Ice-bound US South: Atlanta turned into parking lot
Warmer weather was poised to roll over the US South, bringing relief after an ice storm which paralyzed much of the region, stranding motorists, blocking highways and leading to at least seven deaths.
"Certainly, the worst is over," said National Weather Service meteorologist Stephen Corfidi. "Today - from a combination of sun, moderating temperatures, and dry air - some of the ice will just evaporate."
Earlier in the week, the storm began to sweep over a region of about 60 million people largely unaccustomed to ice and snow, stretching from Texas through Georgia and into the Carolinas.
Atlanta Mayor Kasim Reed came under fire for his response to a storm that trapped hundreds of children in schools overnight and created traffic jams stretching for miles on roads coated with 2 inches of snow.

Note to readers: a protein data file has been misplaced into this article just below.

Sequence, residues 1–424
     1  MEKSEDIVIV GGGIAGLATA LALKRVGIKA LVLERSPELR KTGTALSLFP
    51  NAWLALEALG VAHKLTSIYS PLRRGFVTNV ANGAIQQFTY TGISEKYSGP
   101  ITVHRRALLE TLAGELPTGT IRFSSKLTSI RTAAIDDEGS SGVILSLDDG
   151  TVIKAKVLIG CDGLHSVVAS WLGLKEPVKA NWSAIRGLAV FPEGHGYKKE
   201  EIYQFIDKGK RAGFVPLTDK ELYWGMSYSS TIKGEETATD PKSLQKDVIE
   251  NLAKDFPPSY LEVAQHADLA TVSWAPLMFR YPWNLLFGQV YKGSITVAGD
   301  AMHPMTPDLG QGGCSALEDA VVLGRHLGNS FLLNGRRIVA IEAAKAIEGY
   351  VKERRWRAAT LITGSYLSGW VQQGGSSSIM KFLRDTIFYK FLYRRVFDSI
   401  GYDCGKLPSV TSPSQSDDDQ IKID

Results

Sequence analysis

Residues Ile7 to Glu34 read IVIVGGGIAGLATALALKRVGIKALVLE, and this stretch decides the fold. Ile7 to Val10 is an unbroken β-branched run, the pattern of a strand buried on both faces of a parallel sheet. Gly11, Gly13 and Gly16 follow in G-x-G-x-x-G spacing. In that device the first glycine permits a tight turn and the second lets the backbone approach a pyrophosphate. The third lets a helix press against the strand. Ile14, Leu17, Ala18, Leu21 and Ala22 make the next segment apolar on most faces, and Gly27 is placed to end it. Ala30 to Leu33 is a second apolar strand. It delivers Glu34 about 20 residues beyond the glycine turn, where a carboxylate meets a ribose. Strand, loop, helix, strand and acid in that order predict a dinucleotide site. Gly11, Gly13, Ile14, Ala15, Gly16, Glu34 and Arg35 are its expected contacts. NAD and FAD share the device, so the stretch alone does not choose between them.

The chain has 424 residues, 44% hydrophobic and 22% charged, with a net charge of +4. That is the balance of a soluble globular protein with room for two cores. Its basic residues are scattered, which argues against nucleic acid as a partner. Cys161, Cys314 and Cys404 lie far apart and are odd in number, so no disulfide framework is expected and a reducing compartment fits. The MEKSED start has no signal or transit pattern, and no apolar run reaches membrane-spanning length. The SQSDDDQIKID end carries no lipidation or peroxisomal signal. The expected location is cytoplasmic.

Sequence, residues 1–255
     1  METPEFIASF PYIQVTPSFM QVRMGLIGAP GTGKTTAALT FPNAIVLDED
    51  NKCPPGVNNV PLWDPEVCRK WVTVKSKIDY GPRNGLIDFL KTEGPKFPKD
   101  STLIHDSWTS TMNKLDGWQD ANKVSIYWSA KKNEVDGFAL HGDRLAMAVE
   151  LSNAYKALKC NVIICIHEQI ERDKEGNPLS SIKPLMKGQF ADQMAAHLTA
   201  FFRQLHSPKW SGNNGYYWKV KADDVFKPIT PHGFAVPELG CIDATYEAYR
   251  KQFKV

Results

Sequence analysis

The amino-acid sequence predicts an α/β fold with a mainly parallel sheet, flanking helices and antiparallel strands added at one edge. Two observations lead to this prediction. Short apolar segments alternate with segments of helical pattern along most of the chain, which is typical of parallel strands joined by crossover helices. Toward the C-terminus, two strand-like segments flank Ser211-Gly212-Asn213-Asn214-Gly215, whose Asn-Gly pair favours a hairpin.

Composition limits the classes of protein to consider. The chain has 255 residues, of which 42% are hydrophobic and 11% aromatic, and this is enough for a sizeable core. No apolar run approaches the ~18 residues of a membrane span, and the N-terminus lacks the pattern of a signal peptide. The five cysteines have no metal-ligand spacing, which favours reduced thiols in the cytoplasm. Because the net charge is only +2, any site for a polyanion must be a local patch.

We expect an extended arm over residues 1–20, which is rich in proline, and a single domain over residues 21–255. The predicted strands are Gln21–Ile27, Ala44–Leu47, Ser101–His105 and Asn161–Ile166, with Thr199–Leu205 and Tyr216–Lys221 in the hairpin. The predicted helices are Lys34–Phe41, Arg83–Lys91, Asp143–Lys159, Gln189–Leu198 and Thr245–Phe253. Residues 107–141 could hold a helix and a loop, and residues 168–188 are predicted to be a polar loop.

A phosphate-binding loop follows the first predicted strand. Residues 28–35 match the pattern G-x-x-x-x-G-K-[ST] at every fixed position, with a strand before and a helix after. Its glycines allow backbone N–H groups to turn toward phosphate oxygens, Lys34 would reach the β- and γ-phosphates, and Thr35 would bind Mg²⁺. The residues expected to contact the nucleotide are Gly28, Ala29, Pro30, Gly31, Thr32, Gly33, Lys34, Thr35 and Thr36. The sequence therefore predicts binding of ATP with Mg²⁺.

Georgia officials were to use four-wheel-drive vehicles to shuttle motorists to cars they abandoned on highways, blocking traffic and stranding thousands of drivers in their cars for as much as 24 hours.
Road crews planned to provide gas to fill empty tanks and a jump-start for cars with dead batteries. Other motorists would be offered rides to cars moved during clean-up efforts on Atlanta area roads.
Schools and government offices would be shut on Thursday in Atlanta due to the ice storm, city and school websites said. Early on Thursday, it was an unseasonably freezing 16 degrees Fahrenheit (-9 C).
But later today, temperatures were expected to climb to the mid- to upper-30s Fahrenheit (2 to 4 Celsius) in the Georgia area and would get gradually warmer into the weekend, Corfidi said.
It would warm up in other parts of the storm-affected Southeast, too, and by Sunday some areas could see temperatures in the low 60s F (15 to 17 F).
At least five deaths in Alabama and two in Georgia were blamed on the weather.